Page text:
Anonym anmelder i Pall Mall Gazette
The Master Builder ved Trafalgar Square Theatre anmeldt i Pall Mall Gazette i London 21. februar 1893.
«THE MASTER-BUILDER» AT THE TRAFALGAR SQUARE.
THE blunder has been made. «Master-Builder Solness» has been played upon the London stage. The enemies of Ibsen may well rejoice over what the friends of Ibsen must needs call a calamity. For to the friends of Ibsen to the people, that is to say, who have from the first understood him and followed in admiration the growth of his career «Master-Builder Solness» came as nothing less than a catastrophe. And if this «last fruit from an old tree,» or, at all events, latest fruit from an old tree, was heart-breaking to read, it was yet more heart-breaking to see acted. There are agonies which one may endure in the study that are scarcely to be borne in a theatre. Probably no gifts of acting could have made «The Master-Builder» to adopt the marred English title a joy to earnest students of the work of the great northern dramatist. But it must be said at once, and without hesitation, that Miss Elizabeth Robins and Mr. Herbert Waring were not the woman and the man to cheat observers endowed with any intelligence into the belief that they were beholding a great play. To have done that would have called for a more than Egyptian glamour a glamour denied on this occasion to the daring actor and to the daring actress.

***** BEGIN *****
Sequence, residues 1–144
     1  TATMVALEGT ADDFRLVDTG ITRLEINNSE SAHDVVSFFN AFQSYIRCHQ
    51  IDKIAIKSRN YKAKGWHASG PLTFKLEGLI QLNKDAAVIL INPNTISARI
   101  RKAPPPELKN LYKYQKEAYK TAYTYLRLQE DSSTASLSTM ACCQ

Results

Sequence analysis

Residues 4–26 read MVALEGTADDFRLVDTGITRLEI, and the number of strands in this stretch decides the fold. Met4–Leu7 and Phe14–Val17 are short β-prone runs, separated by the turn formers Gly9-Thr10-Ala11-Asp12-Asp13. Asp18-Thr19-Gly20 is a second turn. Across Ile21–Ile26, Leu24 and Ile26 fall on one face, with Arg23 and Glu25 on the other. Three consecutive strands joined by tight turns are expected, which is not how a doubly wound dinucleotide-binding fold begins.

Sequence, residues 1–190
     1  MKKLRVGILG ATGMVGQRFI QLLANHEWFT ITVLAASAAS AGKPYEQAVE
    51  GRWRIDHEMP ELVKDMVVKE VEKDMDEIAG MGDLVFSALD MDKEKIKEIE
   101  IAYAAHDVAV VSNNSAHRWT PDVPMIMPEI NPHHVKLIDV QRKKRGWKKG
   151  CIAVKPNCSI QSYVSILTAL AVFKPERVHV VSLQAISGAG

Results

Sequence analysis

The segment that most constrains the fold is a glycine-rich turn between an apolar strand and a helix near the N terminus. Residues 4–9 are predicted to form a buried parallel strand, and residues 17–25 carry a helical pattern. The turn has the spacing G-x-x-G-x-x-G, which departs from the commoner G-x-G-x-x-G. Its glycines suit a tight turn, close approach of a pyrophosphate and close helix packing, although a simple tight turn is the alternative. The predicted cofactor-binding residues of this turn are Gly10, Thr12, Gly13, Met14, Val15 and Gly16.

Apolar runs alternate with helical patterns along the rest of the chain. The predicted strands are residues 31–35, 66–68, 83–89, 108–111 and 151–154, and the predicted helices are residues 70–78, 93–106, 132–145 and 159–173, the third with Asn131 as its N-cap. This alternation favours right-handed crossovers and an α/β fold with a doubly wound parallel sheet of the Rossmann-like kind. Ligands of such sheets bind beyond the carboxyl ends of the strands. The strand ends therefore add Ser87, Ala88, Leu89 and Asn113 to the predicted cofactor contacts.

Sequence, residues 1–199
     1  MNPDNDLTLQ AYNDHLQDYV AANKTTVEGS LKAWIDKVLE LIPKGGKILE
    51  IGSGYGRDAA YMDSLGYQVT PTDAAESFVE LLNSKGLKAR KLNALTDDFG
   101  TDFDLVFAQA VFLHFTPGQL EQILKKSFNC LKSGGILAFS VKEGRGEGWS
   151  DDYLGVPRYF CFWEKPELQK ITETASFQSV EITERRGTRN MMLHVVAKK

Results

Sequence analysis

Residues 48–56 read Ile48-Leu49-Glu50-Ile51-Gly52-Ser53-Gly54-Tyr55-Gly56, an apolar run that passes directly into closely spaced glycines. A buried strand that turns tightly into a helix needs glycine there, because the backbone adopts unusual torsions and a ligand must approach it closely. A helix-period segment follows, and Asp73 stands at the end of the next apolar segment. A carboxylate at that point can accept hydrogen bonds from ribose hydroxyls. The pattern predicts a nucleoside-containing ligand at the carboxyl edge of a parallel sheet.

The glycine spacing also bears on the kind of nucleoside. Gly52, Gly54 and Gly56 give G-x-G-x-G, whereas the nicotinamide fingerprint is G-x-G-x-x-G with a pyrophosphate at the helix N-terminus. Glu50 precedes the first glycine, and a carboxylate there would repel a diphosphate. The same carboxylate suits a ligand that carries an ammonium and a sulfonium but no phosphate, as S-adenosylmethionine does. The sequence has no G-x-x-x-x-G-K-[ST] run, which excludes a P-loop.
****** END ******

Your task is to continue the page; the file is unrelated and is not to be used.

It is the vice of enthusiasm in letters that it so speedily degenerates into partisanship, and thence into mere faction. The admiration of yesterday becomes the fanaticism of to-day and promises folly for to-morrow. This has been the case with many; it is to be hoped that it will not prove to be the case with the majority of the advocates of Henrik Ibsen. In spite of all the warfare that has raged around Ibsens name, in spite of all the expositions, essays, and analyses, it may be asserted with truth that justice has not yet been done to his genius as a writer, as a student of man; above all, as a dramatist. The term genius is bandied about with much familiarity nowadays, till, like the assignats of a bankrupt State, it no longer represents the value it carries on its face. But genius is the term that fits Ibsen, that belongs to the author of «Peer Gynt» and of «Hedda Gabler», of «Fru Inger til Ostrat» and «Et Dukkehjem.» But it does not follow, unhappily, that because a man deserves to be saluted as a man of genius, therefore all his works stand upon the same level of greatness; above all, it does not follow, as faction generally would have it to follow, that the latest work is equal to the best, or is actually the best, of the authors creation. There are works that pass by the name of Shakespeare, that pass by the name of Goethe, which are the grief of the zealot. And it must, most regretfully, be admitted that «Bygmester Solness» is more unworthy of its author than anything which is unhappily associated with the name of either Shakespeare or Goethe. It would be possible for a critic wholly indifferent to sacrilege to find for himself and for his readers an infinity of sport in this wretched «Master-Builder.» At every turn it affords opportunity for the slings and arrows of the Philistines, for the flouts and jeers of those to whom the name of Ibsen has always been a hissing. But the fact that a great man has erred, has failed, has capitulated, is a fact to deplore, not a fact for mirth, for ridicule. It would be easy enough to make merry over the astonishing ineptitudes, absurdities, offences of «Master-Builder Solness.» No doubt plenty of people will be found to wax blithe over these defects. But the student of the drama, the student to whom everything in life is not a joke or the subject for a joke, can only regret in the first place that Ibsen ever wrote «Master-Builder Solness,» and, in the second place, that actors and actresses were to be found willing to exhibit this tragic error in a great career. Only the greatest acting could have made the play even temporarily attractive, could for the passing hour have cheated the beholder into the cry of Faust the cry, «Stay, for thou art so fair.» And great acting was not given to the service of «The Master-Builder» yesterday. Miss Robins failed to understand Hedda Gabler; she was hardly likely to understand Hilde Wangel. Mr. Warings success as Torwald Helmer did not necessarily suggest, seemed rather to forbid, success as Halvard Solness. «Hedda Gabler» was a play of human beings, of human passions: «A Dolls Home» was a play of human passions, of human beings. But «Master-Builder Solness,» if in its mad way it is not wholly passionless, is certainly wholly unhuman. It is an allegory, so the world has been told, an allegory of the life of Ibsen and of Ibsens works. It is curious to remember in this connection that a tower and alarm due to a tower play a part in Ibsens earliest memories. But allegories are seldom a cause of joy, and the world has seldom seen an allegory so uncompromisingly unattractive as the allegory that is portion and parcel of the warp and woof of «Bygmester Solness.» The earnest admirer of Ibsen looked on with little less than anguish while the three grotesque acts moved at their stealthy pace. The madman Solness, the wanton Hilde, the idiot wife, jerked their way through the leaden hours only to participate in a cheap feu de joie in the last three minutes, after the best motive out of «Hedda Gabler» had been repeated under conditions which made the repetition laughable to the indifferent and agonizing to the serious beholder. To that serious beholder one thought dominates all others pity for Dr. Wangel, who had such a wife as Elena Wangel, such a daughter by an earlier marriage as Hilde Wangel. What, such a spectator asks himself in despair, can the first Mrs. Wangel have been like to have borne such a daughter? For Hilde Wangel is perhaps the most detestable character in the dramas range. In one regard a victim of nymphomania; in another a deliberate murderess; in any aspect, mean, cheap, and hateful, Hilde Wangel stands out in dishonourable distinctness. Miss Robins can scarcely be blamed for failing to make the part attractive; but she certainly approached the part in far too burlesque a spirit. It is not persistent laughter, it is not the iteration of a jaunty attitude with hands folded behind the back, that can bring conviction to such a part. Detestable as Hilde Wangel is, she is not to be played in the spirit in which unfortunately it pleased Miss Robins to play it. And Mr. Waring, able actor though he be, was not the man for Master-Builder Solness. He failed entirely to suggest the hypnotic charm which makes woman after woman succumb to his middle-aged attractions, which makes it possible that an amorous young woman should lure him to his death for the sake of preserving her high ideal of his character. But no acting could have saved the piece from being what it is a tragedy, though not in the sense which was intended by its author.